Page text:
Babies born prematurely are at high risk of having neurodevelopmental defects hence a higher likelihood of developing autism or other intellectual disabilities and brain disorders. The observation is also accurate for children born at full term but with very low birth weight. Birth complications such as prolonged labor and oxygen deprivation may damage the baby’s brain, putting them at higher risk of ASD (Sharma et al., 2018). Environmental factors associated with autism include exposure of the mother to pesticides or other pollutants during pregnancy. The prenatal use of medications such as thalidomide which is considered a significant teratogen may also contribute to the development of autism spectrum disorder in a baby.
Combining two or more of these factors is more likely to result in autism than exposure or predisposition to just one factor. One of the most significant factors is genetic predisposition to the disease. For instance, if a man has been diagnosed with schizophrenia and anxiety and is of advanced age, their offspring faces a substantial risk of having a neurologic or psychiatric disorder (Hodges et al., 2020). That applies to a mother who has been exposed to a teratogen, is diabetic, and has another child or parent with autism or another brain disorder. Other factors, such as environmental agents, only increase the risk of developing the disability.
There is a considerable controversy concerning the support and management of people living with autism versus the treatment and prevention of the disorder. While it is essential to focus on supportive interventions for dealing with autistic people, it is also crucial to analyze ways in which genetic, hereditary, and environmental factors can be explored for the treatment (Haruvi-Lamdan et al., 2020). Additionally, they can be explored for prevention of cases of autism spectrum disorders. This innovation may provide unique and new insight into the management and care of people with ASD.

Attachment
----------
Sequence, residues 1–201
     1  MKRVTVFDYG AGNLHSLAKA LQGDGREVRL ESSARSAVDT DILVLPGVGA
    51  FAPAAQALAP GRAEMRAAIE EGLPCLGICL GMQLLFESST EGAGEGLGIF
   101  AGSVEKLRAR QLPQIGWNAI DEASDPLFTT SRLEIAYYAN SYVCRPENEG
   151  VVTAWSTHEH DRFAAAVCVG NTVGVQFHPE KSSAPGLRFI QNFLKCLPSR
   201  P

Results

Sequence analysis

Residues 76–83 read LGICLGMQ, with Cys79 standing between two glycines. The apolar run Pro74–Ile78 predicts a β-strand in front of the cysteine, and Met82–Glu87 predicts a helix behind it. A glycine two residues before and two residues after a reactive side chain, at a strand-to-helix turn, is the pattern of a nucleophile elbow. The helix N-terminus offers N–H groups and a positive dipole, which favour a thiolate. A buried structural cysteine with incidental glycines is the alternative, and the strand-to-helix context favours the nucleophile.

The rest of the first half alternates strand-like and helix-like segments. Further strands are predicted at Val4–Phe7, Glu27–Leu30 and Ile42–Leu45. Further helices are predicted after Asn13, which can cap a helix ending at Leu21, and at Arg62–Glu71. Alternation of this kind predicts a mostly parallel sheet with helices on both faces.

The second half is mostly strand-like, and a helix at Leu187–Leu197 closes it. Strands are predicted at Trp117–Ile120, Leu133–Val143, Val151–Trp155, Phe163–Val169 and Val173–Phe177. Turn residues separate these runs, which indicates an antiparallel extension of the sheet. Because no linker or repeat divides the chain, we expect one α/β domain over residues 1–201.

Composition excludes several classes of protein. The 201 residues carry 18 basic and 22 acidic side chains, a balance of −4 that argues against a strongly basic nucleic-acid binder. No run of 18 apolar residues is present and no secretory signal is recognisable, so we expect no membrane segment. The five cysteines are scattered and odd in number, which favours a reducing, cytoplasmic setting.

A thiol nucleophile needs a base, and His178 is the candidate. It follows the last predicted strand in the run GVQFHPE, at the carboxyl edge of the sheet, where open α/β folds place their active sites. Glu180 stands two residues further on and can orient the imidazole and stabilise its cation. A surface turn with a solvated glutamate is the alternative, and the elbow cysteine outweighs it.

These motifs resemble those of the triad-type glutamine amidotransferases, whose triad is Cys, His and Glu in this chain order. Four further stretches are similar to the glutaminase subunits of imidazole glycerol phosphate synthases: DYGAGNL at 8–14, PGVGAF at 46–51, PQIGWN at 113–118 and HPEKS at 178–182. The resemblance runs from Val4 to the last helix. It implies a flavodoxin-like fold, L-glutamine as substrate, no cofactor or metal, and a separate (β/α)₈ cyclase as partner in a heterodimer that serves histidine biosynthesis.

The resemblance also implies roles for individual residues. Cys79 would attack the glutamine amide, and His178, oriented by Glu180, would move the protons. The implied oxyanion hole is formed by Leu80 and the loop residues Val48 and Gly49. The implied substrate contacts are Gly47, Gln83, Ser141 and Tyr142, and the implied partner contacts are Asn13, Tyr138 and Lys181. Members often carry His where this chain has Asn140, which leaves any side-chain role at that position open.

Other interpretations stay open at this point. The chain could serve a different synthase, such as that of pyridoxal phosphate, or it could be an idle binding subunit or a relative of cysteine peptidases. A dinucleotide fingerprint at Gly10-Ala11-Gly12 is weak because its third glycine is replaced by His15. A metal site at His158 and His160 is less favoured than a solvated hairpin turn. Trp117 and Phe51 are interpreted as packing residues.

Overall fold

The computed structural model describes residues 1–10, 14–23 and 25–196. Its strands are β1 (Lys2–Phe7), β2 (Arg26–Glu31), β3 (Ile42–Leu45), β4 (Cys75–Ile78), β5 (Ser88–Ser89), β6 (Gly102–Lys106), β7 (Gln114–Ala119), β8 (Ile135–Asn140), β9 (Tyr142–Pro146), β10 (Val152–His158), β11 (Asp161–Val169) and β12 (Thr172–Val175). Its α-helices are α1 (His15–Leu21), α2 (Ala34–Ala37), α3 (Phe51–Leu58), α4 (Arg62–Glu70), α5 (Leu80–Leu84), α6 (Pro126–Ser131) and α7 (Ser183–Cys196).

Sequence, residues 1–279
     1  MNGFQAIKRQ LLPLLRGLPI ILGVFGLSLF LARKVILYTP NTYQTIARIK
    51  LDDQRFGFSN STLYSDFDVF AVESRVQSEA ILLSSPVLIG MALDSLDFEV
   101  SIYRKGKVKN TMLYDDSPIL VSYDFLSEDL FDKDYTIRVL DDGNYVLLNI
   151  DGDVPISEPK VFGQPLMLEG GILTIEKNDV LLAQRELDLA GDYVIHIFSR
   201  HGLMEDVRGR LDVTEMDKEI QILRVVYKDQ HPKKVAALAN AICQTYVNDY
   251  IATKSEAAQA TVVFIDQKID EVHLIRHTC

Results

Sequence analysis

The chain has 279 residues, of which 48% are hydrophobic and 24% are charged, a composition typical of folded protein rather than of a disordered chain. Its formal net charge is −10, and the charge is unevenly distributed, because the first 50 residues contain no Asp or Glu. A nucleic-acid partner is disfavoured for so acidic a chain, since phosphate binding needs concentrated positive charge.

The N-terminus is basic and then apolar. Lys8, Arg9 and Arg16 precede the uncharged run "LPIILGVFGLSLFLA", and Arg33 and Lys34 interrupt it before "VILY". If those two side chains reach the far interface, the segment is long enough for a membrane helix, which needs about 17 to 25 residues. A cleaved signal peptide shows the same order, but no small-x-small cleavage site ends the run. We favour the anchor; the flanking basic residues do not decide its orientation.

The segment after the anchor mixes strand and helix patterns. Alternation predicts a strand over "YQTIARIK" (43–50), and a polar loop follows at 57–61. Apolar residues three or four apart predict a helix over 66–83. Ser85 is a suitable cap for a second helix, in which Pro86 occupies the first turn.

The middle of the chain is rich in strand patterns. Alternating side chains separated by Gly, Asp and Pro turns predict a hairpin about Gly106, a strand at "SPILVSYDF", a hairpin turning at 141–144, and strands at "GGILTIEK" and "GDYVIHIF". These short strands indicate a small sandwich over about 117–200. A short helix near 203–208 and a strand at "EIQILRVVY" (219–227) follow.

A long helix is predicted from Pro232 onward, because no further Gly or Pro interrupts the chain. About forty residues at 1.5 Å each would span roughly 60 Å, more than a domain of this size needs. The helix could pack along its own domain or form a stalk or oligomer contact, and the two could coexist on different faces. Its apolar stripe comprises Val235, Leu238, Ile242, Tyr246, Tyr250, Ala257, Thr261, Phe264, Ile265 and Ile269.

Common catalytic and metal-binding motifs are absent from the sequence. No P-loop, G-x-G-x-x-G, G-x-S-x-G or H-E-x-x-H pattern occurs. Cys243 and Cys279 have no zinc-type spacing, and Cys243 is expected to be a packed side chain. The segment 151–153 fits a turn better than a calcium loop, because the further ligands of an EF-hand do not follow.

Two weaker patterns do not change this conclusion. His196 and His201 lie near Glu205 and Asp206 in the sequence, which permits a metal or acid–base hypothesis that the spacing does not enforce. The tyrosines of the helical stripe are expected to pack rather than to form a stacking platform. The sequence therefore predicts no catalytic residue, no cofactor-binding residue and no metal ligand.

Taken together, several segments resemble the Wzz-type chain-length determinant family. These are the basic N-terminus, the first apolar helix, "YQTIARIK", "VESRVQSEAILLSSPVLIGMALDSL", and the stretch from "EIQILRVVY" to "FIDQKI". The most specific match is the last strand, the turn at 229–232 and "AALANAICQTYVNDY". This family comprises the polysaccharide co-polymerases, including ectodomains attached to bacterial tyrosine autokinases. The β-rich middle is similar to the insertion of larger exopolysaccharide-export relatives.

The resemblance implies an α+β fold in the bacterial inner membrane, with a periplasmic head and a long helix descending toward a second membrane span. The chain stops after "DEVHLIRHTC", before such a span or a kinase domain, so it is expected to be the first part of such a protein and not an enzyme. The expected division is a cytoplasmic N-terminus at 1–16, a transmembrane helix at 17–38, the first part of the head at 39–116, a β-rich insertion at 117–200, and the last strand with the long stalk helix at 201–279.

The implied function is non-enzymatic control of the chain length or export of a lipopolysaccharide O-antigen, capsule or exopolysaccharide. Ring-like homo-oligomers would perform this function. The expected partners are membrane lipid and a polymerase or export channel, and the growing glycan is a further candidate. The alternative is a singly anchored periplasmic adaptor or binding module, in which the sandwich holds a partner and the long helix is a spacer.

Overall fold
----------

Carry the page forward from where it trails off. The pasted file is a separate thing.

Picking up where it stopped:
Close prenatal monitoring of mothers to ensure they are not exposed to teratogens and conducting tests such as amniocentesis can help prevent and detect neurodevelopmental disorders. These early interventions may not reduce the risk of developing autism or other brain disorders. Still, they may be efficient in significantly controlling factors that increase the chances of their development (Haruvi-Lamdan et al., 2020). Generally, preventing birth complications that would lead to oxygen deprivation, or premature birth may reduce the chances of developing neurologic or psychiatric defects among the autism spectrum disorder.
Autism is a developmental disorder that significantly affects the social and cognitive function of an individual, including their interactions with other people, their ability to communicate verbally and non-verbally and to learn, and their autonomy and ability to function on their own as an individual. While the treatment options are limited to the management of symptoms and coming up with ways to cope with daily operational challenges, a keen look at the factors that predispose the person to the risk of autism before birth, especially genetics, may provide a new perspective to the treatment, therapy and possible prevention of ASD.
Bölte, S., Girdler, S., & Marschik, P. B. (2019). The contribution of environmental exposure to the etiology of autism spectrum disorder. Cellular and Molecular Life Sciences, 76(7), 1275-1297.
Grove, J., Ripke, S., Als, T. D., Mattheisen, M., Walters, R. K., Won, H.,… & Børglum, A. D. (2019). Identification of common genetic risk variants for autism spectrum disorder. Nature genetics, 51(3), 431-444.
Haruvi-Lamdan, N., Horesh, D., Zohar, S., Kraus, M., & Golan, O. (2020). Autism spectrum disorder and post-traumatic stress disorder: An unexplored co-occurrence of conditions. Autism, 24(4), 884-898.
Hodges, H., Fealko, C., & Soares, N. (2020). Autism spectrum disorder: definition, epidemiology, causes, and clinical evaluation. Translational paediatrics, 9(Suppl 1), S55.
Sharma, S. R., Gonda, X., & Tarazi, F. I. (2018). Autism spectrum disorder: classification, diagnosis and therapy. Pharmacology & therapeutics, 190, 91-104.